books, friends

Paper Towns, John Green

Book Cover

There is a real pleasure in reading a book that was written by someone you know. There’s an even greater pleasure when that book turns out to be very good. That was how I (Ben) felt three years ago when I read John Green’s Looking For Alaska. A heavily autobiographical novel, Looking For Alaska was about Miles “Pudge” Halter, the prototypical John Green male protagonist: smart, witty, curious, withdrawn, insecure and über-obsessive. The object of his adoration, Alaska Young, was the prototypical John Green female: smart, beautiful, confident, unstable and charming, with the (metaphorical) ability to walk on water. Miles meets Alaska at Culver Creek Boarding School, where a traditional boy-meets-girl, coming-of-age story took on exceptional depth by tackling subjects like faith, loss and death. It was, first and foremost though, very funny. And honest. I read it in one sitting.

John and I both went to Kenyon and majored in English. We were sophomores together in P.F. Kluge’s Introduction to Fiction Writing class. During one of our first classes, we were critiquing John’s piece, which included a sex scene. Professor Kluge let us discuss every piece as a class before weighing in with his own verdict as the final word. We had finished talking about John’s story and turned to Professor Kluge, awaiting his judgment. He sat silently for a few seconds. Finally he said, “John … you’ve never had sex, have you?” There was a brief silence. Then someone — it may have been John — laughed, and pretty soon we all busted up. “No, I haven’t,” John said. Kluge smiled and nodded his head. “I know.”

Whether he remembers that exact moment or not, John heeded Kluge’s implicit advice. What he has done so well in his young writing career is to capture adolescence in all of its awkward, in-between glory. In writing workshop jargon, he writes what he knows. John’s service to the burgeoning YA genre, it seems to me, is that his teenagers are real. They are funny and hyper-literate. They are generally mature but given to bouts of occasional stupidity. They fight and reconcile. They have heads for big ideas. They have one foot still firmly planted in adolescence and another stepping into adulthood. And John is generous toward them as much as he holds them accountable for being, well, teenagers.

John’s second book, An Abundance of Katherines, took many of the same themes (quirky, obsessive teenage prodigy with a talent for anagrams falls for charming, self-assured girl) and added a road trip, mathematical theorems and a deceased Austro-Hungarian archduke, not to mention a slew of hilarious footnotes. His newest book, Paper Towns, is more like his first book than his second, but it combines parts of both. It starts with a commanding female presence in the form of Margo Roth Spiegelman, turns on her mysterious disappearance (did she run away? commit suicide?), then follows a series of clues which lead our young hero Quentin Jacobsen on a desperate, quixotic, Bluefin-guzzling road trip to Agloe, New York, a town which may not even exist. (“Paper towns” are fake towns created on maps to protect against copyright infringement.)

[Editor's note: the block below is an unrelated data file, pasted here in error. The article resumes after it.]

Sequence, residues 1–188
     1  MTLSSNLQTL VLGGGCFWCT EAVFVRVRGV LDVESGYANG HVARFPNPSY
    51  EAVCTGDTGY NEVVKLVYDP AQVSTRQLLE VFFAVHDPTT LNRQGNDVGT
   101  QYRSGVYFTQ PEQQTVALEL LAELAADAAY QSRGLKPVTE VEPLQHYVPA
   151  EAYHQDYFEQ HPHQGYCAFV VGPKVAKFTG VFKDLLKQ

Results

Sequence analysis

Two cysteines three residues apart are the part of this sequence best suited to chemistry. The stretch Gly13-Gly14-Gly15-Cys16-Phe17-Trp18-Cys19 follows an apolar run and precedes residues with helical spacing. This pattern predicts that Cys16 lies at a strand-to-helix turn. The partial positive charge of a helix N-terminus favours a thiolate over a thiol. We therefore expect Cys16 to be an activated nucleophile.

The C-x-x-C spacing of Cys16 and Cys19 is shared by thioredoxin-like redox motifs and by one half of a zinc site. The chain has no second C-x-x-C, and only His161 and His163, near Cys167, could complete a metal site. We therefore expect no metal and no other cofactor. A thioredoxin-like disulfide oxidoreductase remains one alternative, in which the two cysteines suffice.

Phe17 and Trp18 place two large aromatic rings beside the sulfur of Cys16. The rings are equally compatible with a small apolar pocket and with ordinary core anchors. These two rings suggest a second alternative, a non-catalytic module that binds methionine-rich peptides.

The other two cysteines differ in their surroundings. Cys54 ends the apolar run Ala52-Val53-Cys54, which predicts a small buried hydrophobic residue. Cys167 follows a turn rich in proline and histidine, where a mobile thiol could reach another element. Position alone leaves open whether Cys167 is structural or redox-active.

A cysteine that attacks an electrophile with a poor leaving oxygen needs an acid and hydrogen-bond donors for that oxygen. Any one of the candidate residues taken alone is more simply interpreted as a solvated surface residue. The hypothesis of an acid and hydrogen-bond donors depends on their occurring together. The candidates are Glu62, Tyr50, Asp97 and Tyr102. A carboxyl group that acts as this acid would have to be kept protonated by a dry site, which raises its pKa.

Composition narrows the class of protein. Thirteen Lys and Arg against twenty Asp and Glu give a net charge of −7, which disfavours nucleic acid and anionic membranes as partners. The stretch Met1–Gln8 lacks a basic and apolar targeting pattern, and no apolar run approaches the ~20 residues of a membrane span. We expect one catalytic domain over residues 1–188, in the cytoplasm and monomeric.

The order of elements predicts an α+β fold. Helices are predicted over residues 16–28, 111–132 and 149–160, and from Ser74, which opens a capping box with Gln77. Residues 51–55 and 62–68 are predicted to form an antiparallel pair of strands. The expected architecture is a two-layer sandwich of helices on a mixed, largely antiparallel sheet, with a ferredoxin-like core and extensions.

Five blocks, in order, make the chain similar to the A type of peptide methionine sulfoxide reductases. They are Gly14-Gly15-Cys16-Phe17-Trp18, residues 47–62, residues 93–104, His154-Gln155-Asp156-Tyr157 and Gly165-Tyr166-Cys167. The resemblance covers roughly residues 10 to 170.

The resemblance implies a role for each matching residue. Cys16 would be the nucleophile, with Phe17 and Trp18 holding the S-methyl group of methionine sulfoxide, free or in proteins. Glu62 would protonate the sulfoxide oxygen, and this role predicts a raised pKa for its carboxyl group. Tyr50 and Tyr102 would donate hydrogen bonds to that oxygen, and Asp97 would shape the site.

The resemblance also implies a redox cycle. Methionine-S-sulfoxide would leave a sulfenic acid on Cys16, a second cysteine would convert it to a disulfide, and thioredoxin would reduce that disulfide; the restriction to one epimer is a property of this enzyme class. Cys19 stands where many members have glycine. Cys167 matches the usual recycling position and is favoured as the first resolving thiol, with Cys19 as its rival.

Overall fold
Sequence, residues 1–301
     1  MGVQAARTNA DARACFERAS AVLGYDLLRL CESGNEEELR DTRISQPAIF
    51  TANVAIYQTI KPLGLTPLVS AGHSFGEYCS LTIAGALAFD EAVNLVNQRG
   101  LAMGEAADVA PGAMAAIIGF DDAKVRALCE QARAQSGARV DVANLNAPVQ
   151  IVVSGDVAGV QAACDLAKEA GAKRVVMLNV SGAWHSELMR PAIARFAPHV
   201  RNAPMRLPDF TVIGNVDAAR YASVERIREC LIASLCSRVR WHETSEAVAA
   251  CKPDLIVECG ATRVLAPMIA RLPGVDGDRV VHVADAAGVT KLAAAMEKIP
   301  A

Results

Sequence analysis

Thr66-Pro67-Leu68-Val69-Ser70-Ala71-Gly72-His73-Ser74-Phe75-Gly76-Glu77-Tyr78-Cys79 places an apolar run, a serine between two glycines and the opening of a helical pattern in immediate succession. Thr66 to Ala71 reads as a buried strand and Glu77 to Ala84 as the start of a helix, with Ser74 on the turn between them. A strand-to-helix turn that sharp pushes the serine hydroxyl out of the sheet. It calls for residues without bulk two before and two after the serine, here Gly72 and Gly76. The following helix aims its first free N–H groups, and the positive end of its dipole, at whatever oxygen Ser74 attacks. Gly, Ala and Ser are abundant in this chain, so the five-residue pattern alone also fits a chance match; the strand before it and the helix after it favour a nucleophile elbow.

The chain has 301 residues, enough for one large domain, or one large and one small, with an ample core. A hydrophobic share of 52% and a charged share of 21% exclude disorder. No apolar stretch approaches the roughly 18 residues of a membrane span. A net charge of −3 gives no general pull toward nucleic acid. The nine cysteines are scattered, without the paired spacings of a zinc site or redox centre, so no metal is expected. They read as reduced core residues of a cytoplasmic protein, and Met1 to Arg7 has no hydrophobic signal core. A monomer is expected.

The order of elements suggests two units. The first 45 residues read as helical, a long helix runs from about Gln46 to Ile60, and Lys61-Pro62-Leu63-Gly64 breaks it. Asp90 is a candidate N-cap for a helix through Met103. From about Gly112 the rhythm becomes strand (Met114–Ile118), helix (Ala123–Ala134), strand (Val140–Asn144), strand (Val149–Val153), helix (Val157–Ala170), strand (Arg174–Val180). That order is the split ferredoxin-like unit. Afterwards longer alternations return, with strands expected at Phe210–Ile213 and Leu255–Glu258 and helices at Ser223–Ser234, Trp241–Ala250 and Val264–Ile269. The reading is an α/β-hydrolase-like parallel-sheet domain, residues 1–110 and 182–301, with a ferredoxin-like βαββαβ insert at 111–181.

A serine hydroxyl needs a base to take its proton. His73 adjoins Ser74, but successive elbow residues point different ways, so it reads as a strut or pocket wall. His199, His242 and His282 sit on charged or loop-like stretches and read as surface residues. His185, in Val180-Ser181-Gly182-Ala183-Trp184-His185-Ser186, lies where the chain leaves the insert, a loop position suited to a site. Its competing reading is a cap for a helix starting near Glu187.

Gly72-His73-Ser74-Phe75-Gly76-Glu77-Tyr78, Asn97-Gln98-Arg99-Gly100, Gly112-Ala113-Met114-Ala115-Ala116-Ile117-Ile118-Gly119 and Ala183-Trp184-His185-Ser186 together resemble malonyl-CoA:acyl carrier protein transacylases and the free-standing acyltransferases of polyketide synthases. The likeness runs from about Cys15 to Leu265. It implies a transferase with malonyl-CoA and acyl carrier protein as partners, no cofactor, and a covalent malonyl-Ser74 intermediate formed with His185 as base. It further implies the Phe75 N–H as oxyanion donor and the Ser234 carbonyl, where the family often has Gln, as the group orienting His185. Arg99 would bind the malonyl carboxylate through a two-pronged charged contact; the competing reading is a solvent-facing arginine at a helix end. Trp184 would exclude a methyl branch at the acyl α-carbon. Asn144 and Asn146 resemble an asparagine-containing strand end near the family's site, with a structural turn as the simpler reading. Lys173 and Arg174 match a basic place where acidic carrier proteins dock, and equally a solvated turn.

When I say that I think Paper Towns is John’s least successful book, I do not mean to say that it isn’t also extremely funny, inventive and well worth your time. But once Margo exits stage left around a hundred pages in, the narrative loses steam as Quentin and friends adjust to life without her. And the clues Margo leaves behind are scattershot and quite open-ended (they involve Whitman’s Leaves of Grass, a Wilco/Billy Bragg album, abandoned suburban developments and a Wikipedia-like site called Omnictionary). How Quentin gets from A to B (or from Orlando to Agloe) is a bit of a blur. That said, this book has the best ending John has written yet. If you ranked all three of John’s books together, Looking For Alaska is still the British “Office,” while Paper Towns is the American spin-off, season three (which is to say, very good). (In this analogy, I suppose that makes An Abundance of Katherines “Extras.”) Anyway, I continue to be thrilled for John, who also has quite a following from his popular website and one he created with his brother called I’ll happily read anything he writes, even if I’m no longer required to for a class participation grade.

The jealousy part is what I still have to work on. Not only have John’s books won a slew of accolades (Alaska won the Printz Award while Katherines was a runner-up, and Paper Towns has garnered numerous starred reviews already), but Alaska and Paper Towns are both slated to be films. Good for you, John. At least I can say I knew you when, in those days you were still a virgin.*


* = John is now married, so I’m assuming things have changed. John, if you ever read this, forgive me for openly speculating about your love life.


2 thoughts on “Paper Towns, John Green

  1. I was studying in Barnes and Noble (sorry) a few weeks ago and on a quick trip to the restroom, rounded a corner and ran into a huge display of Paper Towns. My happiness for John is substantial, especially when I don’t compare accomplishments.

    As for Intro Fiction with Kluge … how have I never heard that story before? Our class, which had its moments, seems so tame now. The worst thing that ever happened to me in a Kluge class (other than writing absolute crap, which thankfully partially resolved itself by the time I took the advanced class) was running into class late due to field hockey practice, taking a sip of the hot chocolate I had ran through Peirce to grab, and promptly sneezing hot chocolate all over the table. Kluge’s response was, “Wow . . . that went everywhere.”

    I have always been a class act.

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